A carriage stop cross member 791 is fastened by screws, bolted or otherwise fastened to the bottom of the foot end rail members 784 as shown in
Referring now to
The roller wheels 722 are elongated cylindrical wheels mounted on a horizontal axis. The guide wheels 723 are round wheels mounted on a vertical axis. The guide wheels 723 are fastened to the underside of the carriage platform portions 753 and 755, as shown in
For transport, one telescopically compacts the head end rail member 782 into the foot end rail member 784 at a locked position, removes the foot bar assembly 726 from the foot platform 728, retracts the shoulder stops 742 to a flat position, and places the compacted apparatus in one's vehicle, closet or under a piece of furniture. More specifically, the exercise apparatus 770 is less than 60 inches long in its collapsed state so that it will fit under a bed while allowing the carriage 720 to travel approximately 40 inches when the frame is in its extended state. Each of the guide wheels 723 and roller wheels 722 rest upon either the head end rail members 782 or the foot end rail member 784 when the apparatus is fully retracted for storage. The spring support cross member 762 has tabs (not shown) that lock over the carriage frame 738 preventing the carriage from coming off of the rail assembly 718.
In an alternative embodiment, as shown in
Accordingly, the invention may be practiced other than as specifically described and shown herein with reference to the illustrated embodiments. The present invention is not intended to be limited to the particular embodiments illustrated but is intended to cover all such alternatives, modifications, and equivalents as may be included by the following claims. All patents, patent applications, and printed publications referred to herein are hereby incorporated by reference in their entirety.
|Cited Patent||Filing date||Publication date||Applicant||Title|
|US339638||May 14, 1885||Apr 13, 1886||goldie|
|US1621477||Aug 24, 1925||Mar 15, 1927||Pilates Joe||Gymnastic apparatus|
|US1738987||Dec 21, 1928||Dec 10, 1929||Dattilo Vincent||Exercising device|
|US1750549||Nov 7, 1927||Mar 11, 1930||Thomson John Malcolm||Exercising apparatus|
|US1979783||Sep 20, 1932||Nov 6, 1934||Casler Herman||Exercising machine|
|US1980036||Jan 28, 1933||Nov 6, 1934||Casler Herman||Exercising machine|
|US2733922||Sep 17, 1952||Feb 7, 1956||diego|
|US3261606||Jul 31, 1964||Jul 19, 1966||Elia Petros||Rowing-type exercising equipment|
|US3586322||Jun 21, 1968||Jun 22, 1971||Johannes Ostensjo & Co As||Combined rowing apparatus and exercising apparatus|
|US3770267 *||Mar 8, 1972||Nov 6, 1973||Carthy M Mc||Exercising machine having plural exercising implements thereon|
|US3892404||Oct 30, 1974||Jul 1, 1975||Theodore Martucci||Exercise device|
|US4084815||Jul 14, 1976||Apr 18, 1978||Flannery Matt W||Continuous tension exerciser|
|US4272074||Oct 29, 1979||Jun 9, 1981||Mihai Sferle||Body building apparatus|
|US4290600||Feb 21, 1978||Sep 22, 1981||Compret N.V.||Push-pull physical exercising device|
|US4357010||Nov 7, 1980||Nov 2, 1982||Telle Jerome R||Multipurpose exercising machine|
|US4376533||May 26, 1981||Mar 15, 1983||Compret N.V.||Push and pull type exercising device|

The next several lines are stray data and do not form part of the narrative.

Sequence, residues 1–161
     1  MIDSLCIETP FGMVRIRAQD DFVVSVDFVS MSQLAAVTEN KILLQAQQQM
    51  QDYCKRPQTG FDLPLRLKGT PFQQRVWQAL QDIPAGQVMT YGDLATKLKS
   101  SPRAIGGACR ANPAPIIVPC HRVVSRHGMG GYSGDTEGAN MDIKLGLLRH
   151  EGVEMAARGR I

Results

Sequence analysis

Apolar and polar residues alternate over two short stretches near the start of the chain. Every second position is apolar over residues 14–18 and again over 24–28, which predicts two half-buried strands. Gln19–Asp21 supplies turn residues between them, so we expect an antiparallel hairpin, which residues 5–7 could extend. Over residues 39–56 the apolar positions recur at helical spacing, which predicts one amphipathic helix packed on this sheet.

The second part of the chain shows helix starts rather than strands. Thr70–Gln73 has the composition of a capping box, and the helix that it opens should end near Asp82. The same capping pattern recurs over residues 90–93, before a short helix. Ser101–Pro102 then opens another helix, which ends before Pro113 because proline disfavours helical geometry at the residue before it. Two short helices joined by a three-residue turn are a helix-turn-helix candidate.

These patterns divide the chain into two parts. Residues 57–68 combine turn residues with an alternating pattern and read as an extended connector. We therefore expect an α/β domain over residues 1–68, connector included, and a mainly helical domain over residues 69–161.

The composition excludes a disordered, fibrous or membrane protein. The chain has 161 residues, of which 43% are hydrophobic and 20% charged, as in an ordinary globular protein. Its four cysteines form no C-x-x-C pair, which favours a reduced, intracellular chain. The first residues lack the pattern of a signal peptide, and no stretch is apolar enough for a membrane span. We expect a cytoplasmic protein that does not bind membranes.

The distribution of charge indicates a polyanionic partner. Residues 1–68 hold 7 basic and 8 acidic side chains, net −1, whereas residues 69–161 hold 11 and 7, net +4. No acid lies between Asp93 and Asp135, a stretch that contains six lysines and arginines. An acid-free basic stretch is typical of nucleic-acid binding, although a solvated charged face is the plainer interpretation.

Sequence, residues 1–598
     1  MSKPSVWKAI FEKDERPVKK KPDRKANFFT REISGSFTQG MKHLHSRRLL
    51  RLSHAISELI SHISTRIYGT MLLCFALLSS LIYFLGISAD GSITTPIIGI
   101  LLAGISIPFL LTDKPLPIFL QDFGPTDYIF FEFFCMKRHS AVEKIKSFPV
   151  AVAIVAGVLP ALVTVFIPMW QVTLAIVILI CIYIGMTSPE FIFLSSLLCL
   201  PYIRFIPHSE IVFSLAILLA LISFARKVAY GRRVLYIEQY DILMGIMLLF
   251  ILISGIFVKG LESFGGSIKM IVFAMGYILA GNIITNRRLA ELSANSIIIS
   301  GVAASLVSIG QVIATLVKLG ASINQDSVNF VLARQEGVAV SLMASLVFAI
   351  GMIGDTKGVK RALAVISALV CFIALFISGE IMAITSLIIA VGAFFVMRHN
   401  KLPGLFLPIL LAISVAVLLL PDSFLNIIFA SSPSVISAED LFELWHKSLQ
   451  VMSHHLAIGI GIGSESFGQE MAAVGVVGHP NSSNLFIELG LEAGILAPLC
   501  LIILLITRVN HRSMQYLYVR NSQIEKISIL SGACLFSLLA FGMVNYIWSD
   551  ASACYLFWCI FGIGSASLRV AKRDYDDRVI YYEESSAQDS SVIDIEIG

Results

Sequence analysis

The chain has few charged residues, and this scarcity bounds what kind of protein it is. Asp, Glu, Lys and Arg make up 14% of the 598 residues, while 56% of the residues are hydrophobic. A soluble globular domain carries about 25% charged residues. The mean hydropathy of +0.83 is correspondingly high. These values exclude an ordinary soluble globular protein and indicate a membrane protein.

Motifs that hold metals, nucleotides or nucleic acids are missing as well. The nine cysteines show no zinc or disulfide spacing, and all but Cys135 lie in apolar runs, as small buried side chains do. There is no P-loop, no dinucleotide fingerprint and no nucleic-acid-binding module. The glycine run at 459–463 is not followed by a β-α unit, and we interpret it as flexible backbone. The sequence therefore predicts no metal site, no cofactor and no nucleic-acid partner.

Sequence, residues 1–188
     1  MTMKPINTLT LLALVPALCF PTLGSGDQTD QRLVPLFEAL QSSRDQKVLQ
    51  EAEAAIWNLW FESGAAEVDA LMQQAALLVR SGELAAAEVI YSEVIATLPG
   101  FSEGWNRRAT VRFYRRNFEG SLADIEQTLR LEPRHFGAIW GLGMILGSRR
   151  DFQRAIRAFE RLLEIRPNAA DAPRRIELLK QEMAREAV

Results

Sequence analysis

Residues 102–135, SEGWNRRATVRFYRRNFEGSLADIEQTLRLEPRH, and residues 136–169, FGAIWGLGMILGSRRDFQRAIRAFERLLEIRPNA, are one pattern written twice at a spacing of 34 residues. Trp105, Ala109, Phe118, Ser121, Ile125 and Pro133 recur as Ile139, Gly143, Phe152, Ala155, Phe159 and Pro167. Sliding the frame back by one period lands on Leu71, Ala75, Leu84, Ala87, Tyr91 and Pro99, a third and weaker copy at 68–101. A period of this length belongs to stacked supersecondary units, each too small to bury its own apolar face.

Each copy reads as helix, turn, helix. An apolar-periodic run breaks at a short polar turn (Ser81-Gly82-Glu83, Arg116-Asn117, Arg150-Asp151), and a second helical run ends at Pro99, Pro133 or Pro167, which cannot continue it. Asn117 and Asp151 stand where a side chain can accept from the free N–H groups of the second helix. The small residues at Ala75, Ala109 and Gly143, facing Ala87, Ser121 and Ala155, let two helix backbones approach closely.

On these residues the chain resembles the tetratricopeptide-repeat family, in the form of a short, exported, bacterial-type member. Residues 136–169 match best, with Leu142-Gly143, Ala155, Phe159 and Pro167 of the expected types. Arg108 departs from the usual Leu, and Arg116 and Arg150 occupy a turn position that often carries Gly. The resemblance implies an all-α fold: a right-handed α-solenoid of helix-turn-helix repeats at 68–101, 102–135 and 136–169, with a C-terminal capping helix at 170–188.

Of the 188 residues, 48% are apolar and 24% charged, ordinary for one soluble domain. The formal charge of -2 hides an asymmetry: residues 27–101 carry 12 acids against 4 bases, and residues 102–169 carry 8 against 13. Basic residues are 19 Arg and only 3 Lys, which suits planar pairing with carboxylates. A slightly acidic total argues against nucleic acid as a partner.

|US4383684||Feb 17, 1981||May 17, 1983||Schliep Edward J||Weight moving device|
|US4517966||Oct 21, 1982||May 21, 1985||Von Othegraven Achim||Apparatus for stretching and strengthening the back muscles|
|US4700945||Sep 24, 1985||Oct 20, 1987||Rader Delbert L||Exercise apparatus|
|US4706953 *||Jan 7, 1987||Nov 17, 1987||Graham Gary A||Active/passive exercise apparatus|
|US4709918||Dec 29, 1986||Dec 1, 1987||Arkady Grinblat||Universal exercising apparatus|
|US4768776||Mar 30, 1987||Sep 6, 1988||Anthony Giannotti||Rowing exercise machine extension|
|US4775150||Nov 9, 1987||Oct 4, 1988||Graham Gary A||Shoulder motion restraint apparatus|
|US4776583||Mar 21, 1984||Oct 11, 1988||Jennings Russell A||Recumbent exercise apparatus|
|US4884802||Nov 8, 1988||Dec 5, 1989||Graham Gary A||Exercise apparatus adjustable during use|
|US4911438||Feb 9, 1989||Mar 27, 1990||Verimark (Proprietary) Limited||Exercising machine|
|US4974832||Feb 16, 1990||Dec 4, 1990||Proform Fitness Products, Inc.||Rower slant board|
|US5014966||Oct 27, 1989||May 14, 1991||John Wang||Adjustable telescopic apparatus|
|US5024214||May 8, 1989||Jun 18, 1991||Backeze Limited||Apparatus for use in relieving neck and/or back pain|
|US5066005||Oct 1, 1990||Nov 19, 1991||Luecke Thomas W||Enhanced core movement training bench|
|US5207628||Nov 18, 1991||May 4, 1993||Graham Otha O||Suspending fold-away bed exercising device|
|US5263913||Jul 31, 1992||Nov 23, 1993||Boren John P||Exercise machine|
|US5338278||Sep 9, 1992||Aug 16, 1994||Ken Endelman||Exercise apparatus|
|US5352169||Apr 22, 1993||Oct 4, 1994||Eschenbach Paul W||Collapsible exercise machine|
|US5364327||Jan 6, 1993||Nov 15, 1994||Graham Gary A||Exercise apparatus comprising an adjustable kickplate assembly|
|US5423729||Aug 1, 1994||Jun 13, 1995||Eschenbach; Paul W.||Collapsible exercise machine with arm exercise|
|US5529554||Jun 17, 1994||Jun 25, 1996||Eschenbach; Paul W.||Collapsible exercise machine with multi-mode operation|
|US5580340 *||Dec 20, 1995||Dec 3, 1996||Yu; Chih-An||Multi-functional exerciser|
|US5607381||Jul 8, 1996||Mar 4, 1997||Endelman; Ken||Exercise apparatus|
|US5653670||Apr 11, 1994||Aug 5, 1997||Endelman; Ken||Exercise apparatus|